1. You are not alone. You are only alone if you cannot find people to talk to who have been affected by this disease. The average Joe-Blow does not understand and cannot empathize with you. They will tell you in effect to "Try harder to change him or cope or . . ." or something like that which may actually harm you. Staying or doing it by yourself is "isolating." Isolating is one of the affects of the disease. The disease does not want to be called out on the carpet.
2. You are not to blame. You did not "cause it, can't cure it and can't change it." This is a fact and is one of our slogans. The disease will make you think you did it and caused it. My spouse says I am actually a "trigger." Do not accept such bull.
3. Do not engage (fight or argue or persuade). You make the illness stronger. You weaken yourself.
4. Focus on yourself. You actually strengthen you and weaken the alcoholism in the alcoholic. I can't explain why, except it works.
5. Read, go to meetings, and talk to other in Al-Anon. I love meetings. They are spiritual in nature. It is another place and opportunity for me to become "centered." It is my place to hear God and feel his presence. I do more praying here than anywhere. For those of you reading this - and feel somewhat appalled about God in Al-Anon meetings - I saw this bumper sticker at one of the facilities where AA and Al-Anon meetings take place and I like it; "God is too big for just one religion." I think this sums it up "too big." I believe he is also too big to fit into any one church alone. He is a presence that is far bigger than we have any way to comprehend.

I hope you are well. Thanks for the encouragement!


Butterfly said...

Thank you for posting this! It is what I need to hear today.

Anonymous said...

It doesn't sound ridiculous or weird. Often we learn or hear differently when words are read aloud by others, or ourselves, than when we read silently.

I appreciate your words about alcoholism's effect on those who are closest to the alcoholic. It is difficult not to feel I am somehow imagining or exaggerating things. The alcoholic, of course, sees no problem, which means that if I see one then I must be crazy.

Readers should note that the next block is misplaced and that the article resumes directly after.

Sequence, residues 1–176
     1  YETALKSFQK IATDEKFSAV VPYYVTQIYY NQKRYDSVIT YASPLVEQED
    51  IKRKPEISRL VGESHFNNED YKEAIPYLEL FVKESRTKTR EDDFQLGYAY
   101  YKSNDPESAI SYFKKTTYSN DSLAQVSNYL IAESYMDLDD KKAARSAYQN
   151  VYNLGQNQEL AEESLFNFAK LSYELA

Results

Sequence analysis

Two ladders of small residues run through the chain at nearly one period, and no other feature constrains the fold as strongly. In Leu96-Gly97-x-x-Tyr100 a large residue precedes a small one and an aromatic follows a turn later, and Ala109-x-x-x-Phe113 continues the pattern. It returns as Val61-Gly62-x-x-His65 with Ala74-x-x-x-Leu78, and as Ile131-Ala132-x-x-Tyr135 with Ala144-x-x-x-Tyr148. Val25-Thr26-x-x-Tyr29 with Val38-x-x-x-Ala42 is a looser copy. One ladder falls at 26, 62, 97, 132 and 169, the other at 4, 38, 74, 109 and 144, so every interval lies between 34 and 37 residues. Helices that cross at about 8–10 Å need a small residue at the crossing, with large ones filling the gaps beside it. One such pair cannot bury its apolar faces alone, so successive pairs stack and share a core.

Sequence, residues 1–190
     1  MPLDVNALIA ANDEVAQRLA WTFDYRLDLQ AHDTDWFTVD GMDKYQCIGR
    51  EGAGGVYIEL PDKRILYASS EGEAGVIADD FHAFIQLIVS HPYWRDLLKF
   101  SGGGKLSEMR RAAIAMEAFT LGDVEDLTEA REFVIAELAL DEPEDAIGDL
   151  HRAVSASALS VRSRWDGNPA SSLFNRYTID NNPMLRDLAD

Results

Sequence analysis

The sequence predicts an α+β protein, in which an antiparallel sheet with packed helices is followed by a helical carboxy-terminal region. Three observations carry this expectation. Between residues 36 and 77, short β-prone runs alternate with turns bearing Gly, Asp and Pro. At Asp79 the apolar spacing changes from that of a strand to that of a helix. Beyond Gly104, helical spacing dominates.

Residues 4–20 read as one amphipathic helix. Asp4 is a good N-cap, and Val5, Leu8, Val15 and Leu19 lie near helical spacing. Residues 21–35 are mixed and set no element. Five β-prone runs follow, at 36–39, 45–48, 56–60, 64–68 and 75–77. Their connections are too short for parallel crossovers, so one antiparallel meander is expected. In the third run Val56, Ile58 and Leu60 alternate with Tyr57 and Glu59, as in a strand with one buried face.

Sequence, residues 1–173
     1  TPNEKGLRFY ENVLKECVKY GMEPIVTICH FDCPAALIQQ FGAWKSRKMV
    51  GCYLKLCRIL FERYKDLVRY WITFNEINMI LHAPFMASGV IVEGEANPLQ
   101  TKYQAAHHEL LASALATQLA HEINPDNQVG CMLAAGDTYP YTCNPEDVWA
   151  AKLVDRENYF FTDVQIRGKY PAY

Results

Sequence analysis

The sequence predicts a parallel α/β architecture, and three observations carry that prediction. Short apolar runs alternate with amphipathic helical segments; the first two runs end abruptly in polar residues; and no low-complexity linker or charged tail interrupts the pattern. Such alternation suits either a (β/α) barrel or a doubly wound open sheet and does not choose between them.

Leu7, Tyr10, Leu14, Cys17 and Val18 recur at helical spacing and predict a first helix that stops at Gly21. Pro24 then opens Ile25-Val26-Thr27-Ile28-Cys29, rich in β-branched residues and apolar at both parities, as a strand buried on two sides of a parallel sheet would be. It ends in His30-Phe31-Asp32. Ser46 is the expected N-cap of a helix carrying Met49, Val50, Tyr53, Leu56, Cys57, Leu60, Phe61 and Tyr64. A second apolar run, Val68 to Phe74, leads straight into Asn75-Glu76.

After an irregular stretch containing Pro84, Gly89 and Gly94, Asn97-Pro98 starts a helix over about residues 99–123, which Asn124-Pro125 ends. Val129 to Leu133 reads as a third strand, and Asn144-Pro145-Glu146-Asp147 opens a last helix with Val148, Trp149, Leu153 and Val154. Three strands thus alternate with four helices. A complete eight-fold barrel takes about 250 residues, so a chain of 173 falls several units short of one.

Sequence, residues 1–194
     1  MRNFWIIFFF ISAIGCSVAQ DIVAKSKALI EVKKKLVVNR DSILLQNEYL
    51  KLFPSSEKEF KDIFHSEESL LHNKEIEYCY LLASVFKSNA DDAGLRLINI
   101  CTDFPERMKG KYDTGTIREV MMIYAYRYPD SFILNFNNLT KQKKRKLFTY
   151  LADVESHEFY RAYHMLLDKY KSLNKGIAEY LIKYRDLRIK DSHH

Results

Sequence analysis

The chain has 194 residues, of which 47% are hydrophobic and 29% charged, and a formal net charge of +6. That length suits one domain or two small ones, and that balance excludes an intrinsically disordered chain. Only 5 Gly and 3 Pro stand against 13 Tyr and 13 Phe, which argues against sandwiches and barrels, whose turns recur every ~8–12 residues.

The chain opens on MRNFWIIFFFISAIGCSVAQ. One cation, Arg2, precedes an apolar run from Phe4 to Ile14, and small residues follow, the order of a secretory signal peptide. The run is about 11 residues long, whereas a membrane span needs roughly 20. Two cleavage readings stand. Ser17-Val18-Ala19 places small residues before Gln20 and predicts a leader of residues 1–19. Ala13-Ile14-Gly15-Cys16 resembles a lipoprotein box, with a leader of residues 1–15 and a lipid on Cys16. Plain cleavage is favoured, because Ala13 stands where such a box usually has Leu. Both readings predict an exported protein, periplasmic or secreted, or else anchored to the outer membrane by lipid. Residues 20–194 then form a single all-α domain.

I was talking to a friend (who has experience w/these issues) about how hard it is to consider leaving, because of the cycle of good and bad, (Good = sober, bad = drinking) especially when the ratio is more good than bad. She said, "It's seductive." That summed it up well. For the alcoholic, the drink is seductive. But for those nearest the alcoholic, the idea that the problem doesn't exist, or isn't as big as we imagine, or might someday change, or can be coped with... all of these are seductive. That we can continue to live together--me, him, alcohol--that too is seductive.

Kimberly said...

It is very seductive. The whole idea that what I think isn't really happening as bad as I think it is. That maybe I have it wrong and am reading too much into things. This is what keeps me from leaving. Sometimes I wish I were stronger.

Syd said...

The meeting format you describe is what we do in my step study group and what was done in the very first meeting I attended. It is quite a common format. It gives everyone a chance to think about what they have read and how it relates to their situation. I use the same format with my sponsees.

Anonymous said...

I've heard from a long time Alanon that the alcoholic is obessed with the booze and we (the Alanons) are obsessed with the boozer. Whether he drinks, how much he drinks, if he has a sober period, etc. etc. That pretty much sums it up for me!

Anonymous said...

Interesting passage. I have been going to CoDA groups, some AA speaker meetings and most recently Al Anon. The Al Anon meetings I have been to are run exactly as described but this is very different from the other meetings I have been going to. I have to attend more of them before I can say whether the methodology is odd.

I was seduced by the hopes of normalcy and the now-and-then normalcy that peeked through. Not anymore. I have stepped away and will not be stepping back. I don't want to live that codependent life any longer. I am stepping away from the abuse and I am intent on protecting my children from it. They do not deserve to be Adult Children of Alcoholics and I will not sit idly by while that developes.